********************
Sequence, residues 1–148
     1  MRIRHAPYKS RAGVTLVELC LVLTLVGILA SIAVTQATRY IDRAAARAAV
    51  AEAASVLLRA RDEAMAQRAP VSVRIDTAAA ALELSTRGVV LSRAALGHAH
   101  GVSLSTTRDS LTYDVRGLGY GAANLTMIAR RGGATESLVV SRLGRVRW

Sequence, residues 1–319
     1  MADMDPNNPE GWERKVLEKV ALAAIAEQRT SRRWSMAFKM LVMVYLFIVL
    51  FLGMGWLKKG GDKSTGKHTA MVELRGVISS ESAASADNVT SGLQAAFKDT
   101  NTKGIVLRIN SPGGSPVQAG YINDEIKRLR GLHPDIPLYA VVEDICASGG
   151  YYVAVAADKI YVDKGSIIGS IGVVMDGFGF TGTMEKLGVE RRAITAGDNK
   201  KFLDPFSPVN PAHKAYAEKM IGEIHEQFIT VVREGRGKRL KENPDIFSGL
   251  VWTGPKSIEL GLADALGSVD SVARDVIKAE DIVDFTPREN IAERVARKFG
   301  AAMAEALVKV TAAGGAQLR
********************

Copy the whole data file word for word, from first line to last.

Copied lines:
Sequence, residues 1–148
     1  MRIRHAPYKS RAGVTLVELC LVLTLVGILA SIAVTQATRY IDRAAARAAV
    51  AEAASVLLRA RDEAMAQRAP VSVRIDTAAA ALELSTRGVV LSRAALGHAH
   101  GVSLSTTRDS LTYDVRGLGY GAANLTMIAR RGGATESLVV SRLGRVRW

Sequence, residues 1–319
     1  MADMDPNNPE GWERKVLEKV ALAAIAEQRT SRRWSMAFKM LVMVYLFIVL
    51  FLGMGWLKKG GDKSTGKHTA MVELRGVISS ESAASADNVT SGLQAAFKDT
   101  NTKGIVLRIN SPGGSPVQAG YINDEIKRLR GLHPDIPLYA VVEDICASGG
   151  YYVAVAADKI YVDKGSIIGS IGVVMDGFGF TGTMEKLGVE RRAITAGDNK
   201  KFLDPFSPVN PAHKAYAEKM IGEIHEQFIT VVREGRGKRL KENPDIFSGL
   251  VWTGPKSIEL GLADALGSVD SVARDVIKAE DIVDFTPREN IAERVARKFG
   301  AAMAEALVKV TAAGGAQLR